With our next webinar due on Thursday, we discuss with Andrea Viaro, head of technical service for Europe at Jinko Solar; Paul Grunow, of testing lab PI Berlin; and Stefan Roest, from testing company Eternal Sun, how module manufacturers can mitigate the effects LID and LeTID and how the light-induced degradation of the modules can be controlled in tests. We will explore the physical mechanisms behind LeTID and LID, and discuss solutions at the production stage to control and reduce LID and LeTID. Jinko recently announced it is putting its products through a new set of testing standards, details of which Viaro will share during the webinar. We will also evaluate how well the tests help secure return on investments.
Here, Andrea Viaro answers some of the questions asked by participants who have registered to join the webinar. More questions will be answered on Thursday.
When buying Jinko modules, how much initial LID and LeTID should customers expect in the first year
Andrea Viaro: LID occurs during the very initial period of operation of the panel in the PV field and is already [factored] into the first-year maximum module power reduction, which is 2.5% for polycrystalline technology and 3% for monocrystalline technology … LeTID might occur over a longer period of time, depending on module operating conditions and … is anyway covered by the linear power warranty up to 25 years for monofacial products, and up to 30 years for bifacial products.
pv magazine webinar
What is the difference between LeTID and LID?
LID stands for light-induced degradation and LeTID stands for light and elevated temperature-induced degradation. LID intrinsically develops as [a] stabilization process, particularly for P-type crystalline silicon solar cells, and its speed strictly depends on module light intensity exposure, while for [the] LeTID phenomenon, module operating temperature plays a key role to determine if and at what speed the phenomenon might develop.
Sometimes we hear that the mechanisms behind LID are not well understood. Should that be a concern?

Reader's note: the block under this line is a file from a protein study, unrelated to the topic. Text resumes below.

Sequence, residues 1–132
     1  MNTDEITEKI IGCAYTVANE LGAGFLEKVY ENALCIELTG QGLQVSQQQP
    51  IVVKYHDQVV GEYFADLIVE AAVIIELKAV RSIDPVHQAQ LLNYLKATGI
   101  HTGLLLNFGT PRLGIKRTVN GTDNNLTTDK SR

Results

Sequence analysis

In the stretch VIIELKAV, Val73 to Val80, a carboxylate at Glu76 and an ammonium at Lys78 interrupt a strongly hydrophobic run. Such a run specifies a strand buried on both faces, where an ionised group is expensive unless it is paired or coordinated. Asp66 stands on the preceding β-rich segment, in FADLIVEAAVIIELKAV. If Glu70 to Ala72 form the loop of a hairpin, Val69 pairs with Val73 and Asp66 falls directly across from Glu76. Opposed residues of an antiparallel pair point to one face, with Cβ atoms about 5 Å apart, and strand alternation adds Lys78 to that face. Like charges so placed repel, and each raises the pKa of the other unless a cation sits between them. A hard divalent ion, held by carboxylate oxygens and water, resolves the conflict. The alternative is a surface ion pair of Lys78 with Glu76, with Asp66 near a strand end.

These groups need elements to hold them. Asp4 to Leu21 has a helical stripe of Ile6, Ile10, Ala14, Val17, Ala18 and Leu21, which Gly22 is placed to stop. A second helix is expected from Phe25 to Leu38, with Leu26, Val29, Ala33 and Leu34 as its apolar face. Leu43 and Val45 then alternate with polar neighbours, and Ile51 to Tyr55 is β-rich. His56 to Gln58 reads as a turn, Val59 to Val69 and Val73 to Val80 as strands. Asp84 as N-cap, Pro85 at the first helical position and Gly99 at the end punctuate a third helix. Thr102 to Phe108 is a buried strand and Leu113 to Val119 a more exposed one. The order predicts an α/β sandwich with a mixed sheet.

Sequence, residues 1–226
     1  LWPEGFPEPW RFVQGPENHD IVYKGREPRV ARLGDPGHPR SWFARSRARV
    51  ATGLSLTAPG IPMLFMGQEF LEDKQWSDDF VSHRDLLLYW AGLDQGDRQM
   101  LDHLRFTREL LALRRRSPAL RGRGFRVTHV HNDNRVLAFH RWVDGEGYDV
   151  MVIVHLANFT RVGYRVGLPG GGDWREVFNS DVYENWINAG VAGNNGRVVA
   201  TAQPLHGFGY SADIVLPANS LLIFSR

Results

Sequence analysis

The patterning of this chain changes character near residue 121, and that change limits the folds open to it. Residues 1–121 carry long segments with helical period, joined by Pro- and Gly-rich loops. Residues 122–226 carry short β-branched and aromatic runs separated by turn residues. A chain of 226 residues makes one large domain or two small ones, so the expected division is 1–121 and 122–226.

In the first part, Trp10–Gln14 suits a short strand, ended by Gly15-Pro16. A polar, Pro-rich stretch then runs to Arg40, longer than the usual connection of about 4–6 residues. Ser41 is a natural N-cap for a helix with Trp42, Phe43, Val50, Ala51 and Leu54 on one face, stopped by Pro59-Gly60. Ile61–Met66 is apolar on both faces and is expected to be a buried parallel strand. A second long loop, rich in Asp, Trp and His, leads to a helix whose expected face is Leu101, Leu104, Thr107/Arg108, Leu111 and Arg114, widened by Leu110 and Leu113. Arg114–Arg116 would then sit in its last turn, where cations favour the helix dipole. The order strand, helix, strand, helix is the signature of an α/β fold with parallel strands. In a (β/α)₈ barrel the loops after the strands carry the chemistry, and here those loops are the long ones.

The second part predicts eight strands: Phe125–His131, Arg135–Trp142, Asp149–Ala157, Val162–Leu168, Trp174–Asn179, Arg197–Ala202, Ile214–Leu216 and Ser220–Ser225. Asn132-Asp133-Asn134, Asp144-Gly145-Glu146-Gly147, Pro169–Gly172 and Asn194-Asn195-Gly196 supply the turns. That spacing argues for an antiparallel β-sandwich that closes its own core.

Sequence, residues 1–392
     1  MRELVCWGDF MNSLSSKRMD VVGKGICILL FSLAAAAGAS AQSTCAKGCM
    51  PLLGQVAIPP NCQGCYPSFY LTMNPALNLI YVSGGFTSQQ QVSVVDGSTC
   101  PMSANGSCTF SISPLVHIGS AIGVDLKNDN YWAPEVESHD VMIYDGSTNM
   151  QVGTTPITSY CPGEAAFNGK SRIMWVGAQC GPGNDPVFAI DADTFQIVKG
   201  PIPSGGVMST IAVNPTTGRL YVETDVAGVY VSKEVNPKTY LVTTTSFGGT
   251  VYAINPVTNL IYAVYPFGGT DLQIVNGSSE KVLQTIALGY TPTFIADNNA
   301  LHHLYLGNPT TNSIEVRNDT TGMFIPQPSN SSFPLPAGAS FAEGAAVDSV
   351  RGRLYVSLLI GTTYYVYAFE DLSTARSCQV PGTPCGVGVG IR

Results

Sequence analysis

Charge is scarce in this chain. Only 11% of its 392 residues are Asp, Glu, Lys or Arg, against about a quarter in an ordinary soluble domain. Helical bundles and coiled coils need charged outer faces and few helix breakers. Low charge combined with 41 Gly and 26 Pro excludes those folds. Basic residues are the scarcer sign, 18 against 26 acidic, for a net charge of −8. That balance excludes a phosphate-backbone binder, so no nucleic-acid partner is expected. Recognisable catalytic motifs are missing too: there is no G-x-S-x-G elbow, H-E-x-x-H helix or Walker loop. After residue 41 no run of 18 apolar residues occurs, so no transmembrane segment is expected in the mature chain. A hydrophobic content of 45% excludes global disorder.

LID and LeTID follow different mechanisms, with various factors involved and some of them still to be completely defined, especially for the latter. Nonetheless, there are different methods which enable [the] control [of] both phenomena, specifically focused on their root causes, which are already implemented in production and are proven to effectively limit them within expected levels. We will address such aspects in detail during the webinar.
Is it possible for manufacturers to prevent these degradation effects from the outset, or is regeneration treatment at the end of cell production still the best choice? Which way is Jinko Solar going?
P-type silicon cells have, unavoidably, a certain level of initial degradation which is in any case well controlled in mass production thanks to mature and reliable stabilization processes. A possible solution that seems to be effective in reducing it even further – and that we are also studying and considering transferring into mass production despite [it being] more expensive – is to substitute boron doping with gallium. On the other hand, N-type silicon will be the solution – that is also in our pipeline – that will enable [us] to reduce initial cell efficiency reduction to the minimum level possible.
You are focusing on the production of mono PERC modules and even n-type modules. Why is polycrystalline PERC not an option for Jinko?
PERC technology applied on monocrystalline silicon cells enables … higher PV conversion efficiency compared to polycrystalline … surely it makes economic sense to maximize in this way its potential, aiming to reduce as much as possible the resulting LCOE [levelized cost of electricity] level. Moreover, the apparently lower stability against LeTID phenomenon still leaves doubts [about] the reliability [of] PERC polycrystalline cells in mass production. The reason for that is also related to the different degradation mechanisms, which somehow make [less] effective on polycrystalline the same stabilization processes applied to monocrystalline. N-type silicon technology appears to be a much more promising alternative … granted that it will be possible to reduce its manufacturing costs leveraging on economies of scale.
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